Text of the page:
(1 September 2010) Authorities in the Islamic Republic of Iran are continuing to arrest and jail civil society activists while persecuting and prosecuting independent lawyers, the International Campaign for Human Rights in Iran reported today.
Human rights lawyer, Nasrin Sotoudeh
"With a majority of Iranian human rights activists and lawyers already imprisoned or forced into exile, their remaining colleagues are systematically being taken down by the government of Mahmoud Ahmadinejad," Aaron Rhodes, a Campaign spokesperson said.
Shirin Ebadi, the 2003 Nobel Peace Prize Laureate, told the Campaign, "The Judiciary's lack of independence is resulting in persecution of lawyers. If we look at the Judiciary's approach during the past year, we see that lawyers defending political prisoners have all been targeted," said Ebadi.
Ebadi noted that prominent lawyers Mohammad Ali Dadkhah and Abdolfattah Soltani have both been imprisoned during the past year and released on large bails, Mohammad Seifzadeh is awaiting his trial, Mohammad Oliaeifar is serving a one year prison sentence, and Shadi Sadr and Mohammad Mostafaie have been forced into exile.
Two members of the One Million Signatures Campaign advocating for gender equality, Fatemeh Masjedi and Maryam Bidgoli, have been sentenced to one year in prison. On 22 August, security forces arbitrarily detained human rights activists Hassan Asadi Zeidabadi and Ali Jamali. Prominent human rights lawyer, Nasrin Sotoudeh, has been summoned and her assets frozen.
In an interview with the Campaign, Sotoudeh said that a new method of persecuting human rights lawyers by the authorities is to make unfounded financial allegations on tax grounds.
"I was referred to the taxation bureau and while there I noticed in addition to my name, they are conducting special investigations into thirty human rights lawyers," Sotoudeh told the Campaign. She noted that while human rights lawyers take on cases on pro-bono bases, authorities are using bogus tax charges to prosecute them.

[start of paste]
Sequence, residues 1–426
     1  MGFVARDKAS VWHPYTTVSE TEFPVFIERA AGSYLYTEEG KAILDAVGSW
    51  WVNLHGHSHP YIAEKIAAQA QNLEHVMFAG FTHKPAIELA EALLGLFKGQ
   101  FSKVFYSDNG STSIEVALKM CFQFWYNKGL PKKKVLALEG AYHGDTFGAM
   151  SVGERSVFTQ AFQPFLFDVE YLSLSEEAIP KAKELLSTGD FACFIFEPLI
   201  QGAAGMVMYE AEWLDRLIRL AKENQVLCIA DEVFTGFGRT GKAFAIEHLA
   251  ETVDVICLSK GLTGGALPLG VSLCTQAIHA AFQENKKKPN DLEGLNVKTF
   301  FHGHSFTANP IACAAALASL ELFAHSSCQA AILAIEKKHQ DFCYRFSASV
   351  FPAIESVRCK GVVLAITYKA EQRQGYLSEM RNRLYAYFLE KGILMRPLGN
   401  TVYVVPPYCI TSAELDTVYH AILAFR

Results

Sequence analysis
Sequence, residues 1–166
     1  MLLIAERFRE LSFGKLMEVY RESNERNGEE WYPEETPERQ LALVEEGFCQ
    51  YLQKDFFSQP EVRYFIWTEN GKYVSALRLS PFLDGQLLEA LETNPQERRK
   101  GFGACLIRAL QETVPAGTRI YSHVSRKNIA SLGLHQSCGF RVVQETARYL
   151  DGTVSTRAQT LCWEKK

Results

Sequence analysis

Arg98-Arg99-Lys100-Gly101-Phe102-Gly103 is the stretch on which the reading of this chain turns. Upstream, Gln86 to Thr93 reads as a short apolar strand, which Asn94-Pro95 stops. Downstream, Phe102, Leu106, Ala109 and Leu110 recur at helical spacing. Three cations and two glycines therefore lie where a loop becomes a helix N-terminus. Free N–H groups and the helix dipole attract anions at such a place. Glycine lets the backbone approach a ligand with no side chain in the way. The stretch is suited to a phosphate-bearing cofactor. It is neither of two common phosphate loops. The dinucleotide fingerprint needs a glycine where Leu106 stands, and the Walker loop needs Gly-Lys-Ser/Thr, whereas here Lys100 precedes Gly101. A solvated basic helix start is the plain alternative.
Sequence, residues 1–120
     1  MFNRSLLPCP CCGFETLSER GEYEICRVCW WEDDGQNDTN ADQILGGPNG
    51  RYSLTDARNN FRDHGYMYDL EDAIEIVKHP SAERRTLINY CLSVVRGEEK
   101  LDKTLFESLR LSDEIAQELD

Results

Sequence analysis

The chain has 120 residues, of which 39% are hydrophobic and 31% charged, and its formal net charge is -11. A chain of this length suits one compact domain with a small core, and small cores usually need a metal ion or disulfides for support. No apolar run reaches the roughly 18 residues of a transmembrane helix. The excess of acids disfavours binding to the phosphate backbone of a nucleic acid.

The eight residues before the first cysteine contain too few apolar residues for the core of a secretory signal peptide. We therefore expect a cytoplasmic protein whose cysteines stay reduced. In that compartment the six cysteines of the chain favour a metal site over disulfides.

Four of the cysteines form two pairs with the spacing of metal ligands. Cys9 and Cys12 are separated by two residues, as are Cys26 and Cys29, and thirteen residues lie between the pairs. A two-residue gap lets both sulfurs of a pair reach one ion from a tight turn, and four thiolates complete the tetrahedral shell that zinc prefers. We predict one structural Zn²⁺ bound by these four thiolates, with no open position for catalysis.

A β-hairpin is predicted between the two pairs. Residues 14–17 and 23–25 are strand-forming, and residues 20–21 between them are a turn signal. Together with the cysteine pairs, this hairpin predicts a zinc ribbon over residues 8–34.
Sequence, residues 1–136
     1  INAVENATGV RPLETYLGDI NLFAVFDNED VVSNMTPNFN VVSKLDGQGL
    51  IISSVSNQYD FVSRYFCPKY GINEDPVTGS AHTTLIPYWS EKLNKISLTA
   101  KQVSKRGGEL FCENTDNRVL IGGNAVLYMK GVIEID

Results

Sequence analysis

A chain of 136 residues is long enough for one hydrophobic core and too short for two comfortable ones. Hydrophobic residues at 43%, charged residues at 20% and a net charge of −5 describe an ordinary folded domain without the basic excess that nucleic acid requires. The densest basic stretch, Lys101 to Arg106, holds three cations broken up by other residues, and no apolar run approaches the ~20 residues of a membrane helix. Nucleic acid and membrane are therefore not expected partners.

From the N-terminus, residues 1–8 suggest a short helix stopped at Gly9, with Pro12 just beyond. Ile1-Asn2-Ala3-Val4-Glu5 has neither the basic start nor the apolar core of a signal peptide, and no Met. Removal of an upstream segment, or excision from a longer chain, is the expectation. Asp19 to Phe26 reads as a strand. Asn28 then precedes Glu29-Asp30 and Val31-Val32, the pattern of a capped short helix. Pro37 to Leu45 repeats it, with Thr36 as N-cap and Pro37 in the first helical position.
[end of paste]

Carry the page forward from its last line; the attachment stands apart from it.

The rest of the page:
Sotoudeh said she believes these developments are aimed at putting an end to any legal defense by the human rights community. "The only institution capable of defending lawyers is the Bar Association, but the authorities are putting it under tremendous pressure and attempting to incorporate it into the Judiciary and take away its independence," she said.
With the arrests of Ali Jamali and Hassan Asadi Zeidabadi, almost all members of the Central Council of ADVAR, a student alumni organization devoted to human rights and social enhancement, have been arbitrarily imprisoned. ADVAR is a group of young Iranian citizens committed to improving the welfare of the people of Iran, and committed to peaceful methods and nonviolence to promote and protect Iranian citizens' human rights. The Campaign is aware of no evidence that justifies prosecuting members of this group, and indeed, no such evidence has been presented in trials in which its members have been convicted and sentenced. The arrests and prosecution of ADVAR members have thus been politically motivated and at variance with Iranian and international law.
The Change for Equality website reported that two women's rights activists and members of the One Million Signatures Campaign, Maryam Bidgoli and Fatemeh Masjedi, were sentenced to prison terms of one year following their conviction on charges of "spreading propaganda against the state, through the collection of signatures for changing discriminatory laws and publication of materials in support of a feminist group (Campaign) which works in opposition to the Regime." Both women denied the charges in their trial in the Second Branch of the Revolutionary Courts in Qom, explaining that the activities of the One Million Signatures Campaign are not in violation of any Iranian laws. Mina Jafari and Mahnaz Parakand, lawyers representing the women's human rights defenders, plan to appeal the verdict.
The Campaign expressed its serious concern over the abuse of judicial powers by Iranian authorities to target members of the human rights community and civil society activists.
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